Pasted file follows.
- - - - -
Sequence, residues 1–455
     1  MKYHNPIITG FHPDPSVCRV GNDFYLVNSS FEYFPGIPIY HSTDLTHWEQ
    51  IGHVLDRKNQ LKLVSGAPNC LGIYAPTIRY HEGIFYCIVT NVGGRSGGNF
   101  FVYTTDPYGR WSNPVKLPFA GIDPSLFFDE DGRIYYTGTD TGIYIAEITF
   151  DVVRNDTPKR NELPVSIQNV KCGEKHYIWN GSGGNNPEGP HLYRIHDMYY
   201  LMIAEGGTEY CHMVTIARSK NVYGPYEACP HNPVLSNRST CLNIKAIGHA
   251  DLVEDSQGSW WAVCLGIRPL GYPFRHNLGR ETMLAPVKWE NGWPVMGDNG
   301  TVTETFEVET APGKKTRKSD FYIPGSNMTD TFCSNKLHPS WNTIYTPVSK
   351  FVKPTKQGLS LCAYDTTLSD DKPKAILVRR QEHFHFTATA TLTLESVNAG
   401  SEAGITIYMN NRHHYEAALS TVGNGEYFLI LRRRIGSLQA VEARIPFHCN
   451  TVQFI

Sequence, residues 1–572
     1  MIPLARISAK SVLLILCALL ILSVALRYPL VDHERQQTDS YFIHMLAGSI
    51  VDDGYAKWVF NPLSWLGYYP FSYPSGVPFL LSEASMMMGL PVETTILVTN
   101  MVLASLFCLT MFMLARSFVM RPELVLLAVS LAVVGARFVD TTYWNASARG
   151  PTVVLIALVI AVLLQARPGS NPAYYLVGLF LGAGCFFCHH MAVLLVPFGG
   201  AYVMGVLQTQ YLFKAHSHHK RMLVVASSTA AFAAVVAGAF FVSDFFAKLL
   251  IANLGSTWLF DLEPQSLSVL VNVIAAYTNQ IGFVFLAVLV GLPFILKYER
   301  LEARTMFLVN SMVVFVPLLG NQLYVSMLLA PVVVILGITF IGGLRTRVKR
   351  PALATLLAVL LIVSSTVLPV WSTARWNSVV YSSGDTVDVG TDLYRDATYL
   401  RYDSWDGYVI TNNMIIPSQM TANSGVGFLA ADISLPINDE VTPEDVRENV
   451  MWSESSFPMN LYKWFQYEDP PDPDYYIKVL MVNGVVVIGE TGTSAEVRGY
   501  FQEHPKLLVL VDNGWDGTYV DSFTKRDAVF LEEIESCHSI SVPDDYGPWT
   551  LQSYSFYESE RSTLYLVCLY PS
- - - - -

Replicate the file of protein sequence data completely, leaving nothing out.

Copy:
Sequence, residues 1–455
     1  MKYHNPIITG FHPDPSVCRV GNDFYLVNSS FEYFPGIPIY HSTDLTHWEQ
    51  IGHVLDRKNQ LKLVSGAPNC LGIYAPTIRY HEGIFYCIVT NVGGRSGGNF
   101  FVYTTDPYGR WSNPVKLPFA GIDPSLFFDE DGRIYYTGTD TGIYIAEITF
   151  DVVRNDTPKR NELPVSIQNV KCGEKHYIWN GSGGNNPEGP HLYRIHDMYY
   201  LMIAEGGTEY CHMVTIARSK NVYGPYEACP HNPVLSNRST CLNIKAIGHA
   251  DLVEDSQGSW WAVCLGIRPL GYPFRHNLGR ETMLAPVKWE NGWPVMGDNG
   301  TVTETFEVET APGKKTRKSD FYIPGSNMTD TFCSNKLHPS WNTIYTPVSK
   351  FVKPTKQGLS LCAYDTTLSD DKPKAILVRR QEHFHFTATA TLTLESVNAG
   401  SEAGITIYMN NRHHYEAALS TVGNGEYFLI LRRRIGSLQA VEARIPFHCN
   451  TVQFI

Sequence, residues 1–572
     1  MIPLARISAK SVLLILCALL ILSVALRYPL VDHERQQTDS YFIHMLAGSI
    51  VDDGYAKWVF NPLSWLGYYP FSYPSGVPFL LSEASMMMGL PVETTILVTN
   101  MVLASLFCLT MFMLARSFVM RPELVLLAVS LAVVGARFVD TTYWNASARG
   151  PTVVLIALVI AVLLQARPGS NPAYYLVGLF LGAGCFFCHH MAVLLVPFGG
   201  AYVMGVLQTQ YLFKAHSHHK RMLVVASSTA AFAAVVAGAF FVSDFFAKLL
   251  IANLGSTWLF DLEPQSLSVL VNVIAAYTNQ IGFVFLAVLV GLPFILKYER
   301  LEARTMFLVN SMVVFVPLLG NQLYVSMLLA PVVVILGITF IGGLRTRVKR
   351  PALATLLAVL LIVSSTVLPV WSTARWNSVV YSSGDTVDVG TDLYRDATYL
   401  RYDSWDGYVI TNNMIIPSQM TANSGVGFLA ADISLPINDE VTPEDVRENV
   451  MWSESSFPMN LYKWFQYEDP PDPDYYIKVL MVNGVVVIGE TGTSAEVRGY
   501  FQEHPKLLVL VDNGWDGTYV DSFTKRDAVF LEEIESCHSI SVPDDYGPWT
   551  LQSYSFYESE RSTLYLVCLY PS